14. In my opinion, it wouldn’t necessarily difficult for Indians to move beyond the “status” system while maintaining the rights it provides, because even if they didn’t have any “status” cards, they would keep their culture and rights the same way they have obeyed before. It would be hard for Indians to rearrange the rights and changing their culture would be a really bad impact on the Indians. They cannot celebrate their holidays and do all their celebrations because the government will prohibit it. So it wouldn’t matter if the “status” was gone and they would keep their rights the way it was. The first nations still definitely can have a distinct culture even without a status card. But why give them a status card instead they can qualify for the Canadian citizen? Isn’t that fair? After all, they were the ones who created the culture of Canada and let other people live there too. But they got betrayed. The foreigners cut them up and left them to survive. They did not return the deed of letting themselves into the first nations country. They have the positivity of the status and the negativity of it also. It is because they get tax free or giving them their own rights. But they don’t get to have the entire freedom like all of us Canadians do. They don’t get to have houses like we do, or sometimes they choose to live the way they are, but they also live on a reserve, which is not owned by them because they are just living there, but it’s the governments. They can take it away whenever they want to, because it’s theirs. If they choose to leave the place, they don’t have anywhere to go except there is the cold pavement waiting for them. The Indian Act should NOT be abolished because if they were to abolish the Indian Act, the first nations would lose all their rights, reserves and the registered Indians. Who would want to lose their rights? I certainly don’t. This abolishment would severely damage the Indian’s appearance, now that they aren’t part of anything, they can’t even be Canadian citizens! How unfair could that be? All immigrants can register for citizenship if they have lived over 3 years in the country. It just doesn’t seem right to me that the first nations cannot be true citizens. I feel really bad for them. Most Canadians won’t know that Indian statuses are and the Indian Act. Because either they didn’t learn about it, or they just choose to hate or dislike the Indians because maybe they always see them drunk and begging for money. But they aren’t like that in their real lives. They didn’t choose to live on the streets, maybe some did, but it’s because they lost their reserves or the whole family itself. Most people in Winnipeg would think that Indians are a bunch of scary gangs, or just drunk beggars. They wouldn’t have a clue what statuses are and the Indian Act. Also, maybe the teachers that teach the students teach about Indians the negative way or just don’t teach about them at all. But all I have to say is they deserve what they need and worked for.Steven Kim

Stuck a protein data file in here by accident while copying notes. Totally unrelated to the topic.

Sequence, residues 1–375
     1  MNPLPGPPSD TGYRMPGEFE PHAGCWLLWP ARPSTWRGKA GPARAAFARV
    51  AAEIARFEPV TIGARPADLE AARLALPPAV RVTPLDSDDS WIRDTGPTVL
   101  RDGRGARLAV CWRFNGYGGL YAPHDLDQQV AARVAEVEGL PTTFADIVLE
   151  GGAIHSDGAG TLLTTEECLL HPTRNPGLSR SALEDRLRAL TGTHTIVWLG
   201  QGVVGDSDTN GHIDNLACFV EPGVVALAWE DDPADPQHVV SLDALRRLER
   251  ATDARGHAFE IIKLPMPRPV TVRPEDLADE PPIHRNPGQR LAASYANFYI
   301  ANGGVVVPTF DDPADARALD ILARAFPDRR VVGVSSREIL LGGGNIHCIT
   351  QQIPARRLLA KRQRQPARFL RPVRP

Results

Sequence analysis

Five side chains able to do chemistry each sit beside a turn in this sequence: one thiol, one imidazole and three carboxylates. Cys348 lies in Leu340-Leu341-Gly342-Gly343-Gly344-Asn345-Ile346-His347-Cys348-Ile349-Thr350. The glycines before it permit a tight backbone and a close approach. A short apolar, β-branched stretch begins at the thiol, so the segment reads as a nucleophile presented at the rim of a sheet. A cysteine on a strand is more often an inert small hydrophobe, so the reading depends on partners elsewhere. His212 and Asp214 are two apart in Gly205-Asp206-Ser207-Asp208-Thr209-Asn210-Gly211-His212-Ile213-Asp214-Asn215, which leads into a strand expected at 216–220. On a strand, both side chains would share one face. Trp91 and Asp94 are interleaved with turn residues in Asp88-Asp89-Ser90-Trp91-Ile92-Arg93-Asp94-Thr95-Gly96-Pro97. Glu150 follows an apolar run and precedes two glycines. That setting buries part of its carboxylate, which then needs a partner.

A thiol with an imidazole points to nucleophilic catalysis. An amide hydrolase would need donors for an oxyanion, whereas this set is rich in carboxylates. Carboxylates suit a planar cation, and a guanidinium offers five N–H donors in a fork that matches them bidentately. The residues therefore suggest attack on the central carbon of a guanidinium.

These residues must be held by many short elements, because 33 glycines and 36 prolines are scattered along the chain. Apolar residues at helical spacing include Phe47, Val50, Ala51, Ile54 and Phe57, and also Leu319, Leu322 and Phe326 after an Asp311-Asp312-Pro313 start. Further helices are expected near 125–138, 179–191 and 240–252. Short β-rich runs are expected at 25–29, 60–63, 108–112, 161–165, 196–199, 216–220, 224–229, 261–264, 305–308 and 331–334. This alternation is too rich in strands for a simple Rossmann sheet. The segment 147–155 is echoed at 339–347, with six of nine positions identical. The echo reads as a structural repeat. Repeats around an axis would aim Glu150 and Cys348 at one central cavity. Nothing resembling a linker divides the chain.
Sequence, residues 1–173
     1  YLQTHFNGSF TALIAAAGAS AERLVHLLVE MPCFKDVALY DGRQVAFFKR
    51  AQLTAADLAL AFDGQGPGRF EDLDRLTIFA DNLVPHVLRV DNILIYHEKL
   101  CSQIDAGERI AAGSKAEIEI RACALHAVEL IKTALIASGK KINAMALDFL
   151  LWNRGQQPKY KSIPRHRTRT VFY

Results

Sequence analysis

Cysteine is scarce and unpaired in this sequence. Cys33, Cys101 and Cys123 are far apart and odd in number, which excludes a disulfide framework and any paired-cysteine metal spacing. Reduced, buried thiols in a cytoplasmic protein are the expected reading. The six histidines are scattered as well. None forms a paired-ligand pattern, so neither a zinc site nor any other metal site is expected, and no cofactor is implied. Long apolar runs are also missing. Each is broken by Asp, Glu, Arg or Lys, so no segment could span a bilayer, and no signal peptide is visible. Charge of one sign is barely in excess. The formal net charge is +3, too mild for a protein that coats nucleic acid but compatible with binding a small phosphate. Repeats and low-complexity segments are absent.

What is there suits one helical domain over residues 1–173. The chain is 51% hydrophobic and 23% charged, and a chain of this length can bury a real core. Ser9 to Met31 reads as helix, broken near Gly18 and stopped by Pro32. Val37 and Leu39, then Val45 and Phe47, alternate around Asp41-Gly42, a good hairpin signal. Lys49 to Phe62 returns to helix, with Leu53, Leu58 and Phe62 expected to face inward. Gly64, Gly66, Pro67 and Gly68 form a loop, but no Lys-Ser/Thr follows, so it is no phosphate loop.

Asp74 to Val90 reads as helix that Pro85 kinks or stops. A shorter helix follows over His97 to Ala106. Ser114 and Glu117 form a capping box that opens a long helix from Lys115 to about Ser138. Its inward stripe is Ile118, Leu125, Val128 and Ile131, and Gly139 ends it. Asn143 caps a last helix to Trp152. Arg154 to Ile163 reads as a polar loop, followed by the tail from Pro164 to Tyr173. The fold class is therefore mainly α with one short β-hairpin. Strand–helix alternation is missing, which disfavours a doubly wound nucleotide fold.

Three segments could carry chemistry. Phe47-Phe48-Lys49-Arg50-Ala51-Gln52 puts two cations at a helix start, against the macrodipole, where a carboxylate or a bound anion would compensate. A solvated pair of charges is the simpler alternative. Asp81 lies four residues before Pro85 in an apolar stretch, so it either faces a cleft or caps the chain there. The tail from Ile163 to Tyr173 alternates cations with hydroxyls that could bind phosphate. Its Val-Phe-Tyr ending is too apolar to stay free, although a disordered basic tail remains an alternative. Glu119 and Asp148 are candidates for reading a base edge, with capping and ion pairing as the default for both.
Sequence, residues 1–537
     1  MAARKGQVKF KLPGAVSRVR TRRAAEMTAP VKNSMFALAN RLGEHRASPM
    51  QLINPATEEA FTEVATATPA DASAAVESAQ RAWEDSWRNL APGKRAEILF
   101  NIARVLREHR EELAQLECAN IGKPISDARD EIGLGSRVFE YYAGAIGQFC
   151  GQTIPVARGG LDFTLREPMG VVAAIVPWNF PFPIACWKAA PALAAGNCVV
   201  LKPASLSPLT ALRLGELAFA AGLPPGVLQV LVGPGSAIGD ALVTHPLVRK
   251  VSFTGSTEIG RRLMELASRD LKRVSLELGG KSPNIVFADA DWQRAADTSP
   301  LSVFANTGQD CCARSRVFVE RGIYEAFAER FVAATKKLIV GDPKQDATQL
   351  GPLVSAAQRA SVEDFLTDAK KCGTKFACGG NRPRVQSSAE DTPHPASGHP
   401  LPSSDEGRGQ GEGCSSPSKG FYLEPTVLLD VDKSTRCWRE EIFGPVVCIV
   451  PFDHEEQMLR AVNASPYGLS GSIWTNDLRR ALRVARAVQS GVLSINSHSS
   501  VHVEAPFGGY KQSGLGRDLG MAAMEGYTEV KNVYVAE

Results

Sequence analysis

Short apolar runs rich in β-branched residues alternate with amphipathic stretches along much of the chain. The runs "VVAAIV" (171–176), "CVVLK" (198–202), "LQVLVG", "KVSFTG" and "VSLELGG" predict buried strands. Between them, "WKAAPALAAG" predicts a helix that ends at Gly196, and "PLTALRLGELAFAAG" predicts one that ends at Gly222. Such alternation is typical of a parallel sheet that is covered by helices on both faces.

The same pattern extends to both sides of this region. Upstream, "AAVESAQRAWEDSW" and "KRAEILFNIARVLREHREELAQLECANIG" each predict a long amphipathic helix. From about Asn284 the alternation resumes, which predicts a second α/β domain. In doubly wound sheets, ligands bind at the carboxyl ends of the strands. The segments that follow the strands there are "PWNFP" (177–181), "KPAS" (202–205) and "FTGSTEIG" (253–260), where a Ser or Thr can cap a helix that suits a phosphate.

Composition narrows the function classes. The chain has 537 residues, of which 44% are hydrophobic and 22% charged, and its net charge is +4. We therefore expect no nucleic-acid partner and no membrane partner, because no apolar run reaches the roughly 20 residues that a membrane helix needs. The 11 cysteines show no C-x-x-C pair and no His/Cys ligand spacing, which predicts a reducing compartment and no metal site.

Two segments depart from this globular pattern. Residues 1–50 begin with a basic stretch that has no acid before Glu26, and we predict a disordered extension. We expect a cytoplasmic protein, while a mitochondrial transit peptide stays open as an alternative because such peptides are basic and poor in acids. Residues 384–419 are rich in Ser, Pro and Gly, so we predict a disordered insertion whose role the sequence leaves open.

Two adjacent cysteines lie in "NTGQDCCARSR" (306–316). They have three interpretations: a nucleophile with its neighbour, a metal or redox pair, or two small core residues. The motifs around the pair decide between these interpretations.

15. I’m not sure if there is a solution to move beyond the “status” system while maintaining the rights. To determine this I would have to do more research which I have yet to do. But from my understanding, being a “status Indian” has pros and cons. First Nations have never been treated fairly or given the rights they deserved in the past and even now, but on the other hand they have other privileges that other Canadians do not. I think that if we were to abolish it would have a good side and a bad side, just as it would to keep it. Do the pros outweigh the cons? Or vice versa? I’m not sure where I stand with this topic. Even without the Indian Act, I think First Nations would still be looked at as a distinct culture, just as any other is. People seem to have an already developed opinion on Aboriginals or ideas even though it may not always be the case. To determine whether the Indian Act should be abolished is a difficult thing to determine and I’m sure many people aren’t certain. I had never heard about “status Indians” before and I don’t think that many Canadians are aware or are as educated as necessary on this topic. What would educating people about this do anyways? I think it would help people form an opinion.

  16. I think that there is a way to move on beyond the "status" while still maintaining rights but it is very hard to come up with a clear explanation to it. In the blog that was posted it is very clear that there is pros and cons to being a status Indian. Me, I don't think that this system of the status card is right because in my opinion I think that no matter what race you are you should have the basic human rights. It is sad to see that the basic rights were taken away and traded just for the status card. A questions that I have for everyone reading this is do the pros and cons of having, a status Indian card balance out or does one win. I really think that If the Indians had their rights taken away it really wouldn't matter because what this all sums down to is choice. Do the Indians have a choice and voice on what goes on?